Material Properties: There are an endless number of materials that are used in modern manufacturing. Here are some basic kinds:
Ferrous metals (iron-alloys): carbon-, alloy-, stainless-, tool-and-die steels
Non-ferrous metals: aluminum, magnesium, copper, nickel, titanium, superalloys, refractory metals, beryllium, zirconium, low-melting alloys, gold, silver, platinum, …
Plastics: thermoplastics (acrylic, nylon, polyethylene, ABS,…), thermosets (epoxies, Polymides, Phenolics, …), elastomers (rubbers, silicones, polyurethanes,)
Ceramics, Glasses, Graphite, Diamond, Cubic Boron Nitride, …
Composites: reinforced plastics, metal matrix and ceramic matrix composites Nanomaterials, shape-memory alloys, superconductors, …
Properties of materials We shall concern ourselves with three types of issues:
(a) Mechanical properties of materials (strength, toughness, hardness, ductility, elasticity, fatigue and creep).
(b) Physical properties (density, specific heat, melting and boiling point, thermal expansion and conductivity, electrical and magnetic properties)
(c) Chemical properties (Oxidation, corrosion, flammability, toxicity, etc.)
Mechanical properties Mechanical properties are useful to estimate how parts will behave when they are subjected to mechanical loads (forces, moments etc.). In particular, we are interested to know when the part will fail (i.e. break, or otherwise change shape/size to go out-of-specification), under different conditions. These include loading under: tension, compression, torsion, bending, repeated cyclic loading, constant loading over long time, impact, etc. We are interested in their hardness, and how these properties change with temperature. We are sometimes interested in their conductivity (thermal, electrical) and magnetic properties. Let’s look at how these properties are defined, and how they are tested.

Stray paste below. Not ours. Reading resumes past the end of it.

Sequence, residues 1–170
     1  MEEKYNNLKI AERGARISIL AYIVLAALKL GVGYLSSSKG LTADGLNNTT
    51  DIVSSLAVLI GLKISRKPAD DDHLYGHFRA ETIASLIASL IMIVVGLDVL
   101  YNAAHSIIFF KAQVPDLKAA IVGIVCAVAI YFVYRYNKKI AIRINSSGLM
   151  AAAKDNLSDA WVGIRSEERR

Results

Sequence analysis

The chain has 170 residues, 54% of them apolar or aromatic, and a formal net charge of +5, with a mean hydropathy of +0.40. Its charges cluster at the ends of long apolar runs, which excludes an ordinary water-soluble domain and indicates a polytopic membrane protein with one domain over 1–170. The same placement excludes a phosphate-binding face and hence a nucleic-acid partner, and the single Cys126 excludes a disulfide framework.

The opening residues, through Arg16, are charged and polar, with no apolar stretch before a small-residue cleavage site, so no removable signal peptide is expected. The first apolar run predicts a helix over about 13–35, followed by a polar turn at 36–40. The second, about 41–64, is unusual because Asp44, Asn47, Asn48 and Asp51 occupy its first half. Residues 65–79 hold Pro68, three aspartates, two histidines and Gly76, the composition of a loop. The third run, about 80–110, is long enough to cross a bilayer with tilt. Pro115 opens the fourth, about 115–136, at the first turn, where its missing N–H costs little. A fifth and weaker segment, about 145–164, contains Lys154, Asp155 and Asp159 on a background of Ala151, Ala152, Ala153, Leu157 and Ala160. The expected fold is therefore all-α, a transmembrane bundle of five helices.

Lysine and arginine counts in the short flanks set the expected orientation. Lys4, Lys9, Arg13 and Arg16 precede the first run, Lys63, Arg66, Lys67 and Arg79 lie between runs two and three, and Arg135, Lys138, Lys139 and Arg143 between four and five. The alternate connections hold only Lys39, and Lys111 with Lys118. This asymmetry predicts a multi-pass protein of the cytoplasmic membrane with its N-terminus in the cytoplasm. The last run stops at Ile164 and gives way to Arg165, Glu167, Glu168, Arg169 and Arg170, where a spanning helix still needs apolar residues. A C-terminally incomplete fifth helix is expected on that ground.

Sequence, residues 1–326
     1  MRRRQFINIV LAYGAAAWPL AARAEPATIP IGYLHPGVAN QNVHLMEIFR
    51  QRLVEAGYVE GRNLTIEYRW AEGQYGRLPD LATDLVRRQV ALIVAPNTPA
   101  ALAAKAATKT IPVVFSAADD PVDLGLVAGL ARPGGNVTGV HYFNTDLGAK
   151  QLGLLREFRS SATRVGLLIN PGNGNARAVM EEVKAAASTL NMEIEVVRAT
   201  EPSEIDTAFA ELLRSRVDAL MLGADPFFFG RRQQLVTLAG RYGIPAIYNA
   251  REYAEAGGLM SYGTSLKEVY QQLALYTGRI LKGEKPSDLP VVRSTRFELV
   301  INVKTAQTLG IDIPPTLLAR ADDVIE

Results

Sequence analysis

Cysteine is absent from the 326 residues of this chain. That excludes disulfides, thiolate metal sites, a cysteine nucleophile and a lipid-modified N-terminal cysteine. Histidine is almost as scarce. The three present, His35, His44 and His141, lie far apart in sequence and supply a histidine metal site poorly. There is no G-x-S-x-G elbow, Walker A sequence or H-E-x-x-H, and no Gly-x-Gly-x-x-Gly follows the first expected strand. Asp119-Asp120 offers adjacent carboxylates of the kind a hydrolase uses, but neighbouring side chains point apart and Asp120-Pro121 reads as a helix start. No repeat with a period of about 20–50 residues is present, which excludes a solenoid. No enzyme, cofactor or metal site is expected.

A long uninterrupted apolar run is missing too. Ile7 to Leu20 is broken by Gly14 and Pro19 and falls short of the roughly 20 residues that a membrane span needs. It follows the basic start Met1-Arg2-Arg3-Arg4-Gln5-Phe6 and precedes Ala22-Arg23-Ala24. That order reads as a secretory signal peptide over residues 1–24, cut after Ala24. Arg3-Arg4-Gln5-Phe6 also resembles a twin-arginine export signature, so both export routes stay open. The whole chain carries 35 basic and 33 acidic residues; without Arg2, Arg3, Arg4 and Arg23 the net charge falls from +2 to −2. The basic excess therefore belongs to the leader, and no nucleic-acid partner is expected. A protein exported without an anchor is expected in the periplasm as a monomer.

Basics of Stress Analysis We briefly study the basics of solid mechanics, which are essential to understand when materials break (this is important in product design, where we usually do not want the material to break; it is important in manufacturing, where most operations, e.g. cutting, are done by essentially ‘breaking’ the material).
Essentially, any load applied to a solid will induce stress throughout the solid. There are two types of stresses: shear and tensile/compressive, as shown in the figure below. Consider that some force(s) are applied to a solid such that it is experiencing stress but is in stable equilibrium. We consider an infinitesimal element inside the solid under such stresses.
Figure 1. Tensile, compressive and shear stresses; stresses in an infinitesimal element of a beam
The question we need to answer is: under some given set of stresses as shown, will the material fail? To simplify matters, let’s look at the 2D situation (XY plane only). To answer our question, we first find the resultant stresses, σ and τ, along some arbitrary direction inclined at angle φ to the y-axis (see figure below). Since the element is at equilibrium, the resultant of all forces must balance. Also, by definition, stress = force/area. From this, we get the following relation:
Figure 2. Computing the principal stresses (2D case)